On a tour in Beijing, you may find yourself in a drugstore, being diagnosed with some illnesses previously unknown to you and buying expensive traditional Chinese medicines.
Foreigners accuse a retail store of Beijing-based Tongrentang Co., Ltd., the largest producer of traditional Chinese medicine in China, of tricking them into buying unnecessary medicine from suspicious sources.
American tourist Wei De, who gave only his Chinese name, booked a one-day tour with Xiandai Tourism Agency, a subsidiary of China Travel Service at Wangfujing Grand Hotel in downtown Beijing on May 14.
“The tour schedule was to visit the tomb of the Emperor Yongle in the morning and the Great Wall in the afternoon, but I was taken to Tongrentang Nanchengtianhui drugstore in Changping district at midday,” said Wei De.
At the drugstore, Wei was introduced to a “professor” in a doctor’s uniform. After the “professor” felt Wei’s pulse, Wei was told that his kidney was quite weak, so he paid 780 yuan (120 U.S. dollars) for a packet of medicine.
“I found that most tourists were diagnosed with similar problems. The ‘professor’ said we all had something wrong with our kidney,” said Wei.
Tongrentang, a household name in China, was founded in 1669 and was once designated to provide medicines to the family of the emperor.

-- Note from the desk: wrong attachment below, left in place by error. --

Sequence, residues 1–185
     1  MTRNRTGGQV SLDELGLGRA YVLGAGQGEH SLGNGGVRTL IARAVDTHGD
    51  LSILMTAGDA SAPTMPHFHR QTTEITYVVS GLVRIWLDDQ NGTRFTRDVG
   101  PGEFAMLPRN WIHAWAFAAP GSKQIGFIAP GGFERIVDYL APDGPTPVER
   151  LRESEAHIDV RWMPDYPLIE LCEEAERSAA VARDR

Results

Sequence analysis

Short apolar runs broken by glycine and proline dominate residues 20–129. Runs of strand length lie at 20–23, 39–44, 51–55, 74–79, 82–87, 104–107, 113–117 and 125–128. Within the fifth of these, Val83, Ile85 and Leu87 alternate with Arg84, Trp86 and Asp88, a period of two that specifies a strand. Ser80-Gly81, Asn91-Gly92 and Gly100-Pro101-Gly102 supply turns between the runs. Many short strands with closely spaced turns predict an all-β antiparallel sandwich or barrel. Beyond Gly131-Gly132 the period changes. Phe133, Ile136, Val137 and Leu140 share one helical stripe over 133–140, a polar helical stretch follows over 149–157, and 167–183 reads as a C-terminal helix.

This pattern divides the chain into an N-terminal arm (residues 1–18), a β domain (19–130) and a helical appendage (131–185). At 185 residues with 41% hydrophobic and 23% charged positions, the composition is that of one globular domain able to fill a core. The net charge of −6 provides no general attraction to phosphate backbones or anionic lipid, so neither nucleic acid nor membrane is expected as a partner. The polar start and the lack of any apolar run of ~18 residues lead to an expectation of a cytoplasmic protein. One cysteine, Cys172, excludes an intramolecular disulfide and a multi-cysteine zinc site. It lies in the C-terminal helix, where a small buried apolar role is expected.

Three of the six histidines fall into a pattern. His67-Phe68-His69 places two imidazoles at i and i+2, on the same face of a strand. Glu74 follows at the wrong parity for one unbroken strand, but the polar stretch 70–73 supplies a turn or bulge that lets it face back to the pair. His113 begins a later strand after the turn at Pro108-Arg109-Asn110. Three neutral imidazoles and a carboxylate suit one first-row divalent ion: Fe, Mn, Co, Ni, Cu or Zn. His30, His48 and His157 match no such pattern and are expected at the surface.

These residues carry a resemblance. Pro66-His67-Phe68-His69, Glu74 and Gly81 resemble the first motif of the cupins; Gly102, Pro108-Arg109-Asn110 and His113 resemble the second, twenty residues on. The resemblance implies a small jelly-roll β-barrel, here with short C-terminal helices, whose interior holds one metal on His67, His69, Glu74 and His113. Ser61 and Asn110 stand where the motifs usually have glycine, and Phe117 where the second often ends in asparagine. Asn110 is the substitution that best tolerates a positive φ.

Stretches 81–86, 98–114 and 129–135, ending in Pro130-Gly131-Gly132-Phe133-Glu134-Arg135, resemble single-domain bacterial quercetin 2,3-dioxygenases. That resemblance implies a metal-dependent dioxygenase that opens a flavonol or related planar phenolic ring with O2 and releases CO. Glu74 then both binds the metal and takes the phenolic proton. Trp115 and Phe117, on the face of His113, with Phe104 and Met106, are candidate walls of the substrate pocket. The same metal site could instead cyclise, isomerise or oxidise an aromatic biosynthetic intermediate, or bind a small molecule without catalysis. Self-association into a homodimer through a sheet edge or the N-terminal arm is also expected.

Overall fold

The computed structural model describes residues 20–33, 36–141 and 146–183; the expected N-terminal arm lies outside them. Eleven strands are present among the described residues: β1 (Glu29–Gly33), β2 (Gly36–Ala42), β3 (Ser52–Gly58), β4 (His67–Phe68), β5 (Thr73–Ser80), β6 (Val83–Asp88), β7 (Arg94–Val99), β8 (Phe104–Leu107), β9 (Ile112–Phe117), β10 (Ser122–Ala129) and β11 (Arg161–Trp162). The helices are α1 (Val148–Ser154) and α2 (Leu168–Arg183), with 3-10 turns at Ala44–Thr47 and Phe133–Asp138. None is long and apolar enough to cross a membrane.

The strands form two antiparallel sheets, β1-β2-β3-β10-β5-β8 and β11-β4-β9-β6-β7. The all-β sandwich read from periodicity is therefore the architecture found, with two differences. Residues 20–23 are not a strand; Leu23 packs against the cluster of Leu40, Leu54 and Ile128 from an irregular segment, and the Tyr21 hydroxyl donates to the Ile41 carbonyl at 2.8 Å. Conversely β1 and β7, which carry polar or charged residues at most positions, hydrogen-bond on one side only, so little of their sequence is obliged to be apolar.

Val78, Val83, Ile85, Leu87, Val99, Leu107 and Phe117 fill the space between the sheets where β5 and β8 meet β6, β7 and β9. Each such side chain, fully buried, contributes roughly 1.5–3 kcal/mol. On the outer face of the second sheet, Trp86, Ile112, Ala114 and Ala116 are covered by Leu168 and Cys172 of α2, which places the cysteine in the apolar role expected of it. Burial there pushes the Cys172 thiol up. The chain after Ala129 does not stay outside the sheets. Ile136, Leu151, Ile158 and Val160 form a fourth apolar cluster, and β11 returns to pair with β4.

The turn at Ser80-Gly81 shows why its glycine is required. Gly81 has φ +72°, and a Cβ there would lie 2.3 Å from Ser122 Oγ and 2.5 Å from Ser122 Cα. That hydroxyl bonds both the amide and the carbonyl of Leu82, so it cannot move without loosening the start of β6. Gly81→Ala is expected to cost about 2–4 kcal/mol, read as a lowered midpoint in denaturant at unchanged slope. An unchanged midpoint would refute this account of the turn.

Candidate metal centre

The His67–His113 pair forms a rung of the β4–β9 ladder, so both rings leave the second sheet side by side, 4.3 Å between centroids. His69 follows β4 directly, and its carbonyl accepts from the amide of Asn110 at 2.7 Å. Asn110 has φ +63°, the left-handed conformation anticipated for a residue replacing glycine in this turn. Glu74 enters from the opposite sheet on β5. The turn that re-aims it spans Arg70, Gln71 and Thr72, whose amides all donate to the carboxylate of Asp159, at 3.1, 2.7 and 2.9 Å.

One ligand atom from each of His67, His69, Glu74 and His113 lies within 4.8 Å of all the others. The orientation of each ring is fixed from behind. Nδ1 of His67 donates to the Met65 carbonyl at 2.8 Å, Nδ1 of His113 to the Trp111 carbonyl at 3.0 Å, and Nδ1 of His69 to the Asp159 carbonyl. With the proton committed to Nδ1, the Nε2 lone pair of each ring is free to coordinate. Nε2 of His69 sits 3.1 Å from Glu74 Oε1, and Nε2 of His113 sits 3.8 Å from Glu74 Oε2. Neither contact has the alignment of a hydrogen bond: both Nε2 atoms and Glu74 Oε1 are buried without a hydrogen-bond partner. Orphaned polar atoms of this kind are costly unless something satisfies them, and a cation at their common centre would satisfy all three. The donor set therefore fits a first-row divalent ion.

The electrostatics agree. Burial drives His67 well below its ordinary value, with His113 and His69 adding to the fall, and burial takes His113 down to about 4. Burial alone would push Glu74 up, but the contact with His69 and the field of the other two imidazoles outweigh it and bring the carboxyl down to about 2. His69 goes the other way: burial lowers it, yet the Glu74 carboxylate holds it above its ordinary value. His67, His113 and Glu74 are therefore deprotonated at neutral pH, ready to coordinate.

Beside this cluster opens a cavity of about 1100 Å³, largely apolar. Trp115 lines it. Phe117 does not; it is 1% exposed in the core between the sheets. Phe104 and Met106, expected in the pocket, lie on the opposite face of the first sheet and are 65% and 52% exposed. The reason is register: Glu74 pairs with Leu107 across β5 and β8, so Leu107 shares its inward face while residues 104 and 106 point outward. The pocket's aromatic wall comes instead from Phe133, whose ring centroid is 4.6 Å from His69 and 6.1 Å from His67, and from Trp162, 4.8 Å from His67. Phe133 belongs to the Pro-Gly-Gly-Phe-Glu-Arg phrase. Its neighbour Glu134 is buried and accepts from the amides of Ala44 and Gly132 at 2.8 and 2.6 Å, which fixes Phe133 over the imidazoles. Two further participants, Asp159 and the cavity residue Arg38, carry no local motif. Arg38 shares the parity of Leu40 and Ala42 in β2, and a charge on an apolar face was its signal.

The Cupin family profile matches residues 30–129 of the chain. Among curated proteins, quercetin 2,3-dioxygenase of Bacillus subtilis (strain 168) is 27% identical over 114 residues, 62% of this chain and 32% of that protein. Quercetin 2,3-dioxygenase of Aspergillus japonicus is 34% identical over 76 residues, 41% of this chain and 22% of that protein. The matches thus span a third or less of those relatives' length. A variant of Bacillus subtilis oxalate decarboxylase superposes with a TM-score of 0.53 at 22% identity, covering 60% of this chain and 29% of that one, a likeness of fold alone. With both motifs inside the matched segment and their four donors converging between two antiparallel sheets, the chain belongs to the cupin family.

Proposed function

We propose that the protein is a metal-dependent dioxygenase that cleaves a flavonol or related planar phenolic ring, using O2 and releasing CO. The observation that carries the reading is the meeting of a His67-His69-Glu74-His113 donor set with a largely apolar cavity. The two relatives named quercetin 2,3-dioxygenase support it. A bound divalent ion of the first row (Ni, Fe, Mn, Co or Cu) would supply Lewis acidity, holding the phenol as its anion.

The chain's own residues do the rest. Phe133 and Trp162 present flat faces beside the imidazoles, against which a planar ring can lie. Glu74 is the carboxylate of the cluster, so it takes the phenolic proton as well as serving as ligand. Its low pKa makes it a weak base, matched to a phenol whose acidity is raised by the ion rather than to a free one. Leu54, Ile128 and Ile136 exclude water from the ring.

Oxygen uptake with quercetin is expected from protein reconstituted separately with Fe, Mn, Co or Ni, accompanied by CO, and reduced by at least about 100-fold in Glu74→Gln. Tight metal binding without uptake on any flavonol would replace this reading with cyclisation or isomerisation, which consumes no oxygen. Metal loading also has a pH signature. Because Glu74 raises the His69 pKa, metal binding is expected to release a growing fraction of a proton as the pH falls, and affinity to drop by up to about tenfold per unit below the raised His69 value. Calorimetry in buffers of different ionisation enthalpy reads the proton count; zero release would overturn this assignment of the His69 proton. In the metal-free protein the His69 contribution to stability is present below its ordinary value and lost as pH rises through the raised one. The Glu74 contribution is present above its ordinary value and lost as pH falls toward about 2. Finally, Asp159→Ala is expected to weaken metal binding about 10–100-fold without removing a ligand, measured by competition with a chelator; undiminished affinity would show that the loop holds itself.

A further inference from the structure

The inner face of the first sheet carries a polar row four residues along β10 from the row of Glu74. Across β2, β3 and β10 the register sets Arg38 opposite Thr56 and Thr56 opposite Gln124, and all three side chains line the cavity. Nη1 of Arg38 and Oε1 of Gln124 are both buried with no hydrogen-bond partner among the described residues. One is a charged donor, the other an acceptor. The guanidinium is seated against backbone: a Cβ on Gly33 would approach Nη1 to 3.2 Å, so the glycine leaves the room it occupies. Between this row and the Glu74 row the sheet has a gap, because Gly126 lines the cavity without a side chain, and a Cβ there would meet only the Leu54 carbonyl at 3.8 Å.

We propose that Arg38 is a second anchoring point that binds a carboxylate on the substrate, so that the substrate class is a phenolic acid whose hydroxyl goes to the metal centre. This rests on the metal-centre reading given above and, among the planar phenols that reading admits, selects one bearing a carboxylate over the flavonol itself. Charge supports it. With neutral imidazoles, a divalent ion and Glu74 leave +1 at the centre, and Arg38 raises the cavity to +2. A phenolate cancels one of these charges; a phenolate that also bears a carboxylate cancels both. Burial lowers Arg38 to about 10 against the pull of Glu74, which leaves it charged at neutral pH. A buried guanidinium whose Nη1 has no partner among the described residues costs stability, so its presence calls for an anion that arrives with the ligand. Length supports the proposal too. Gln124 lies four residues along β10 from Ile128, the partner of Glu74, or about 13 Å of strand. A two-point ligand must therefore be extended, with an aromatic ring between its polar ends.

The receipt issued by the store shows that the payment was made to the outpatient department of Beijing University of Chinese Medicine. Some packages of medicine read that the medicine producer was Beijing Hanci Chinese Medicine Hospital, “located in the Nanchengtianhui drugstore.”
Many foreign visitors felt cheated since the medicine they received was not produced by the renowned Tongrentang.
“This is my first trip to China and I was swindled at this pharmacy in March. It is horrible that they hijacked the famous brand to deceive people,” said Alex Cleveland from Sweden.
Jiang Xiaodong, head of Tongrentang’s publicity department, said that, “Nanchengtianhui drugstore is one of Tongrentang’s franchised outlet,” but denied the store had sold overpriced medicine from unknown sources.
“And if customers bought the medicine from Hanci hospital, then this has nothing to do with us,” said Jiang.
As for whether the tourists were over-charged and what the medicine was composed of, Beijing Drug Administration will begin an investigation into Nanchengtianhui drugstore Thursday afternoon.
Foreigners’ complaints often fall on deaf ears because of language barriers and some tourism agencies and hotels are in cahoots with the sellers, said a manager of a Beijing-based tourism company on condition of anonymity.
Spanish daily newspaper ABC’s corespondent Pablo had a similar experience and complained to Beijing Tourism Bureau, his travel agency and the hotel. But all he got was a 700-yuan compensation from the hotel. A dozen compliant emails were never replied to, he said.
“Having been living in China for six years, I would not let my one-time bad experience at the drugstore tarnish my overall impression of China. But for those who had been to China just once, they would surely be disappointed,” said Pablo.